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The Soul of Israel: How to Dance in the Field

It felt like a scene out of Alfred Hitchcock’s horror-thriller film The Birds – where menacing fowl gradually and individually, but then rapidly and numerously, dominate and darken the sky as they swoop in to aggressively attack helpless people.

It all started with an innocent inquiry from a friendly neighbor: “Wanna come over for Shabbos lunch?” I swallowed hard. I haven’t been invited anywhere in about 15 months.

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Isn’t it too soon? Is this even allowed? What would Dr. Fauci say?

I was able to get out of that one easily: “I don’t feel comfortable eating with others unless they are vaccinated,” I managed to eke out.

Then came the kiddush invites. I was able to thwart off many outings by whipping out my mental rolodex of excuses; every introvert has one. “I think it’s supposed to rain that day.” “I had a hectic work week.” And, of course, the classic “I would love to attend, but I have a prior commitment that day.”

A short while later, as I retrieved the mail, I felt a thick cardstock envelope in the box and instinctively knew what it was without having to open it or even look at it; the raised lettering on the return address instantly revealed the content: A wedding invitation. I could feel my heart racing. It felt like getting a jury duty summons. I was expected to arrive at a disclosed location, at a specific time, sit with hundreds of others, and fulfill my civic Jewish duty of being m’sameach kassan v’kallah.

This is a good thing, I tried to reassure myself. It’s a simcha; I should be happy to go. But the reality is, for introverts like myself, the reopening of society with the easing of Covid restrictions brings along feelings of anxiety and dread. You see, for the last year or so, we have been securely nesting in a cocoon of anti-socialness. Only this time it wasn’t frowned upon; in fact, it was federally mandated. Society’s FOMO – fear of missing out – had been replaced by FOJI –fear of joining in.

But now that most people have been vaccinated and the numbers of cases are going down, invitations to kiddushin, bar mitzvahs, and chassunas are going up. As are my feelings of stress.

And just like Hitchcock’s birds, the invitations kept coming. Gone were the days of curbside birthday parties. Now parents are expecting you to sit down and stay…and actually socialize…with others. No more virtual parsha plays or siyums. Now it was assumed I would partake and be present.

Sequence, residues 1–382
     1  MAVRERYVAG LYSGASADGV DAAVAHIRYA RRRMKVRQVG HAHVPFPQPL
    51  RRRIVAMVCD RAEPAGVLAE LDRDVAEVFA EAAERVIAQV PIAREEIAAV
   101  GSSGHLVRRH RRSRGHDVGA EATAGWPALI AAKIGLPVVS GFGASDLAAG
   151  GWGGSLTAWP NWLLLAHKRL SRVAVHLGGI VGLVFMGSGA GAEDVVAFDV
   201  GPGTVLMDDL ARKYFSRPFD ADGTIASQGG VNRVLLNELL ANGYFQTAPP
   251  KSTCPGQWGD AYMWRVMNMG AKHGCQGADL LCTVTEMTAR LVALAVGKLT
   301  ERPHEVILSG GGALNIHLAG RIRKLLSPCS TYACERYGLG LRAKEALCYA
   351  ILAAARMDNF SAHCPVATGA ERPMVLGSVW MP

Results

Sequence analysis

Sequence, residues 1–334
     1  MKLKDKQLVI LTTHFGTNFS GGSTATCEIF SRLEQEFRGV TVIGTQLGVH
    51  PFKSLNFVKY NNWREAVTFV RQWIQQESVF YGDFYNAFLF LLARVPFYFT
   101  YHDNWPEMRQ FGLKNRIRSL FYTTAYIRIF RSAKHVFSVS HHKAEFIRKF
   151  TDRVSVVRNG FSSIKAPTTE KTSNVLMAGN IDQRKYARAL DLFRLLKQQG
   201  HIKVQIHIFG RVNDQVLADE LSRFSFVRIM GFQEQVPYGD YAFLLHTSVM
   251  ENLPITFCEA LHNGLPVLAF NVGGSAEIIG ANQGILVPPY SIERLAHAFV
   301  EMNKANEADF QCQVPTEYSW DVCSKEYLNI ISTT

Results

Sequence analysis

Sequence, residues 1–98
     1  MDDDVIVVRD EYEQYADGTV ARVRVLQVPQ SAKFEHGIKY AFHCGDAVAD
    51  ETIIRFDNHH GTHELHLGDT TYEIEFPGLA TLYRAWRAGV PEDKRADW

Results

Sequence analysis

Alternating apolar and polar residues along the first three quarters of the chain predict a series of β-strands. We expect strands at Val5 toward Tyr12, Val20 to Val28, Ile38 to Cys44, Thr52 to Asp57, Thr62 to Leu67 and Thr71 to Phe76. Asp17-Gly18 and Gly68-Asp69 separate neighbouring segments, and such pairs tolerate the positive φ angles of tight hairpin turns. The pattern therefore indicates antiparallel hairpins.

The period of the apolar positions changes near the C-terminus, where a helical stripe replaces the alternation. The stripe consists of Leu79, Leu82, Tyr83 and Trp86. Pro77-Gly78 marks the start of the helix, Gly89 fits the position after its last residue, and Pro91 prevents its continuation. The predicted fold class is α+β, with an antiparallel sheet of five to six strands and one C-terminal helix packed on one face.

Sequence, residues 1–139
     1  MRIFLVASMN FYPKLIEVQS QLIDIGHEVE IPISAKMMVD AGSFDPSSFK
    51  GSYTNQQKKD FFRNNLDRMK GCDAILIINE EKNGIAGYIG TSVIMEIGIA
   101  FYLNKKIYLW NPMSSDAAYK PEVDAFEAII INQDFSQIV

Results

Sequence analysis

The final straw came in an email from my boss letting me know that there would be an imminent return to the office. Now, I can handle a party for an hour or two, but eight hours of mindless co-worker chatter –that was too much. As I delved into my arsenal of tactical negotiation skills and offered every possible alternative, I thought Israel should hire me for cease-fire talks. I can schedule weekly Zoom meetings, I offered, or a hybrid schedule, and I will even give up my cubicle space, so it can be rented out and save the company rent money. It all failed. My boss wants me back in the office. Israel, no need to call me.

I came to the realization that whether we liked it or not, us introverts have to rip the proverbial N95’s off and re-enter society.

At first it was hard. I cherish those Shabbosim where we had our own Yankovich minyan, compelling my husband to take on the role of “rav” by preparing weekly drashas, as my adorable sons belted their out their off-tune chazzanus. I think fondly back to our Pesach Seder, where for the first time ever I was able to throw green plastic frogs around to recreate makas tzefardeyah, I was able to use Lego pyramids as table centerpieces, and I finally got a chance to apply my talent of foreign accents when doing my comical voice-overs for the Four Sons portion of the Haggadah (trust me). These are all things that would not have been possible in previous years since our sedarim included old-school relatives and their scornful gazes.

But all this changed the first Shabbos we were permitted back into shul. I found myself teary eyed as I gazed at the velvet peroches and its holy contents. There is a certain holiness that permeates such a sanctuary that no home or backyard can ever duplicate. “Thank you for inviting me back to your home,” I whispered to Hashem.

I’m not saying that returning to normal was easy. I still dread parties, avoid affairs, and dislike anything that calls for dancing, but there is something to hearing the piercing cry of an infant at a bris that just pierces the soul. There is something to watching the snipping of a three-year-old’s long, curly locks that just snaps you back into reality. I may opt out of some invites when I feel overwhelmed. But even I, a classic introvert, can appreciate that there is no better joy than watching Klal Yisrael be able to continue engaging in our ancient communal rituals and traditions just as we have done for millennia.

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Ita Yankovich is a freelance writer whose work has appeared in various Jewish and secular publications. She also teaches English and Literature at Kingsborough College and Touro College. She can be reached at itayankovich@yahoo.com.